Six survivors of solitary confinement in New Jersey are publicly sharing their stories later this month about their life-altering experience in solitary confinement.

The event is set take place Jan. 23 at 6 p.m. at Green Space in Manhattan and will also feature a virtual tour of solitary confinement, simulating both the physical environment and the psychological disorientation of prolonged isolation.

“We must begin to understand what solitary confinement does to humans,” said Lydia Thornton, who spent nine-and-a-half months in solitary confinement in New Jersey. “It changes our brain chemistry—the studies demonstrate it, and our experiences confirm it. The vast majority of us will come back to our communities. We need to come back better, not more damaged. We call ourselves survivors, because we are. We speak for those who cannot.”

Members of the New Jersey Campaign for Alternatives to Isolated Confinement will discuss criminal justice reform. NJ-CAIC’s membership includes the American Civil Liberties Union of New Jersey, the National Religious Campaign Against Torture, the American Friends Service Committee and others.

“Solitary confinement is torture. And it is a form of torture that is disproportionately used against Black and Brown people,” said the Rev. Charles Boyer, pastor of Bethel AME Church in Woodbury and founder of Salvation and Social Justice. “In New Jersey, over two-thirds of all isolated women and over three-fourths of all isolated men are Black or Hispanic.”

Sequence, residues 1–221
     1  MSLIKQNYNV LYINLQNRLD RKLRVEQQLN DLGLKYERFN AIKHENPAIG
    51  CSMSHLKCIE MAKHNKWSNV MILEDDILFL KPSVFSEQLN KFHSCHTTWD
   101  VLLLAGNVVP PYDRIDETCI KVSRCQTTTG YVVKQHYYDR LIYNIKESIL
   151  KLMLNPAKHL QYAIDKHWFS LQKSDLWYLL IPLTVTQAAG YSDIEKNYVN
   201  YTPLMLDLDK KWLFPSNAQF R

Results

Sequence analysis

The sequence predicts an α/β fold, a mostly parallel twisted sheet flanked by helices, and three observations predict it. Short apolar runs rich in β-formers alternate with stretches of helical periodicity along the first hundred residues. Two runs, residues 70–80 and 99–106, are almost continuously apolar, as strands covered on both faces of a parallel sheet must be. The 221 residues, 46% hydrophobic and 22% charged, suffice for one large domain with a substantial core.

Legislation has been introduced in the state Assembly and Senate, A314/S3261, the Isolated Confinement Restriction Act, that would greatly limit the use of solitary confinement in New Jersey prisons. The bill would ban isolation for more that 15 consecutive days and allow isolation for no more than 20 days per 60-day period, with exceptions for genuine emergencies.

The bill would also prohibit any member of vulnerable populations, as classified by clinical staff, from being placed in isolation. Vulnerable populations include people aged 21 and younger, people aged 65 and older, people with developmental disabilities, people with a disability based on mental illness, people with serious medical conditions and people who are pregnant.